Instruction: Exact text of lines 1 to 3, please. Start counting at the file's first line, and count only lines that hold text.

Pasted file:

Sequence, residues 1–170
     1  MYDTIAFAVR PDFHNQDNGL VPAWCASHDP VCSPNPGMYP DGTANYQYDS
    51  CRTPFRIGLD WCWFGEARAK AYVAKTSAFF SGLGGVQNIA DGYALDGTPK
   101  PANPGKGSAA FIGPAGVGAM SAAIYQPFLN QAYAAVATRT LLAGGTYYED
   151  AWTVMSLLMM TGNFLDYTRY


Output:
Sequence, residues 1–170
     1  MYDTIAFAVR PDFHNQDNGL VPAWCASHDP VCSPNPGMYP DGTANYQYDS
    51  CRTPFRIGLD WCWFGEARAK AYVAKTSAFF SGLGGVQNIA DGYALDGTPK